The goal of this Mentored Patient Oriented Research Career Development Award (K23) is to provide the applicant with the training and support necessary to become an independent investigator in the field of microRNA (miRNA) research in schizophrenia. MiRNAs are increasingly used as biological markers in medical research due to their capacity to simultaneously regulate the translation of multiple messenger RNAs. In the field of psychiatry, several studies have found associations between certain miRNAs, such as miR-137 and miR-132, and schizophrenia diagnosis. However, all human studies that have examined miRNA expression profiles have done so in post-mortem brain tissue or peripheral blood. However, given the intimate relationship between brain and cerebrospinal fluid, the use of cerebrospinal fluid to investigate the role of miRNAs in schizophrenia is logical and intriguing Therefore, the applicant proposes to investigate miRNA expression profiles in cerebrospinal fluid in first-episode schizophrenia patients in comparison to healthy controls. For this proposal, the applicant plans to recruit first-episode patients who have been exposed to antipsychotics for less than 16 weeks and who are initiating manualized treatment with risperidone as part of their enrollment in a clinic specialized in treatment of first-episode schizophrenia patients. For these subjects, a lumbar puncture will be obtained upon enrollment. Psychopathology and side effect assessments will be conducted weekly for 4 weeks and then every two weeks until patients complete 16 weeks of risperidone treatment. The primary aims for this application are: 1) to conduct miRNA sequencing in cerebrospinal fluid samples from first-episode patients and healthy volunteers to test the hypothesis that significant number of miRNAs will be dysregulated in first-episode schizophrenia;2) To determine whether certain miRNAs can help as predictive biomarkers in relationship to treatment response and/or development of side effects, especially weight gain. To accomplish these aims, a comprehensive didactic program has been prepared to help the primary investigator gain knowledge about the molecular biology of miRNAs, the use of miRNAs as predictive biomarkers and the advanced statistical methods used for miRNA sequencing data analysis. The completion of the proposed study, the training activities described in this application, the outstanding mentorship team plus the institutional resources will allow the applicant to become a successful independent investigator, with expertise in miRNA research in schizophrenia. This is in alignment with the NIH goal of recruiting more physician scientists involved in translational research.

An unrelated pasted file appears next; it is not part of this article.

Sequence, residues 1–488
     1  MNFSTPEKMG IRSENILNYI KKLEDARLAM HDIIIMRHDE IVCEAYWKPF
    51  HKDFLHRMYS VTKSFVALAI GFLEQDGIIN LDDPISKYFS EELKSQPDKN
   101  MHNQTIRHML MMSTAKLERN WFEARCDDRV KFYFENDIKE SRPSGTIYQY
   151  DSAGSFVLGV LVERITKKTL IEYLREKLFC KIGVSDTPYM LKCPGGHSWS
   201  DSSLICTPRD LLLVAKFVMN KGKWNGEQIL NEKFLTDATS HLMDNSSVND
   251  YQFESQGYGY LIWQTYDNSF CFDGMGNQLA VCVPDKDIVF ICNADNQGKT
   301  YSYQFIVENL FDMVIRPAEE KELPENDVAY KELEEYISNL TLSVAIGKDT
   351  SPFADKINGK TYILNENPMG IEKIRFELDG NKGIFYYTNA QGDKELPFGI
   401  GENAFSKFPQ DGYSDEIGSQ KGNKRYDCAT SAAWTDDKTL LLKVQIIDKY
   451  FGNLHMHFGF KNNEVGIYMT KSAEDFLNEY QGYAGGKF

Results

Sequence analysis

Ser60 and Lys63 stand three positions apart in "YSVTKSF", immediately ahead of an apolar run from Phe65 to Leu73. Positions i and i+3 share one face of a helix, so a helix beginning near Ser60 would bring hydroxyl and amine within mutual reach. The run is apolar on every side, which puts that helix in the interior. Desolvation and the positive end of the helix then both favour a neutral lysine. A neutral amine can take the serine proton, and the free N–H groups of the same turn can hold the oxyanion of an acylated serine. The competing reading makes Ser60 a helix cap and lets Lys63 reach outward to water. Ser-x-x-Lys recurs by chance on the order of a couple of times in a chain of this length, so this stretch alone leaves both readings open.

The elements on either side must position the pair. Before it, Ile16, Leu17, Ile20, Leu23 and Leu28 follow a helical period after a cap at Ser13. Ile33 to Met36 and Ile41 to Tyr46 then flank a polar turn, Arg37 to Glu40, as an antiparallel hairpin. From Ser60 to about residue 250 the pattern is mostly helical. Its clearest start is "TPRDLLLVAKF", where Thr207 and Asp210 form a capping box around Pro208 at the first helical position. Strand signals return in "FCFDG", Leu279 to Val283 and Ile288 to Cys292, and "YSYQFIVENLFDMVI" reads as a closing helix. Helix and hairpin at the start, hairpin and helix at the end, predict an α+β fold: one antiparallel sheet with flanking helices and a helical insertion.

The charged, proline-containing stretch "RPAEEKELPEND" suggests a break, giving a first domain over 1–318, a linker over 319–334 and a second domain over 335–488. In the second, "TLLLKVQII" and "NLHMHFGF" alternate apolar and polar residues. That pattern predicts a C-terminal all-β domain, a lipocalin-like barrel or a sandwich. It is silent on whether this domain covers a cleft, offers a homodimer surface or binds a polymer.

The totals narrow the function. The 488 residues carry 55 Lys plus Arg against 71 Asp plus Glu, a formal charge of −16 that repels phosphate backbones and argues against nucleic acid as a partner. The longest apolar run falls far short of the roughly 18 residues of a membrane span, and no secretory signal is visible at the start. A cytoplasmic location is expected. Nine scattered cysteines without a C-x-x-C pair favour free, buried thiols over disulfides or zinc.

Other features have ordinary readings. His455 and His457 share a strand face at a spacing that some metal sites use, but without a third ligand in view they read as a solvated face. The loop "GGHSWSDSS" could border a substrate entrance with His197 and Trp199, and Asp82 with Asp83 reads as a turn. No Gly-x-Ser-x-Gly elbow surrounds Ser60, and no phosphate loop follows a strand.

The diagnosis and treatment of schizophrenia poses many challenges given the lack of clinically useful biological markers. In this study, we plan to study microRNAs in cerebrospinal fluid in first-episode schizophrenia patients compared to healthy volunteers with the goal to assess the utility of microRNAs as a biomarker. Results of this project may provide a basis to better understand the pathophysiology and improve the diagnosis and treatment of this illness in the near future.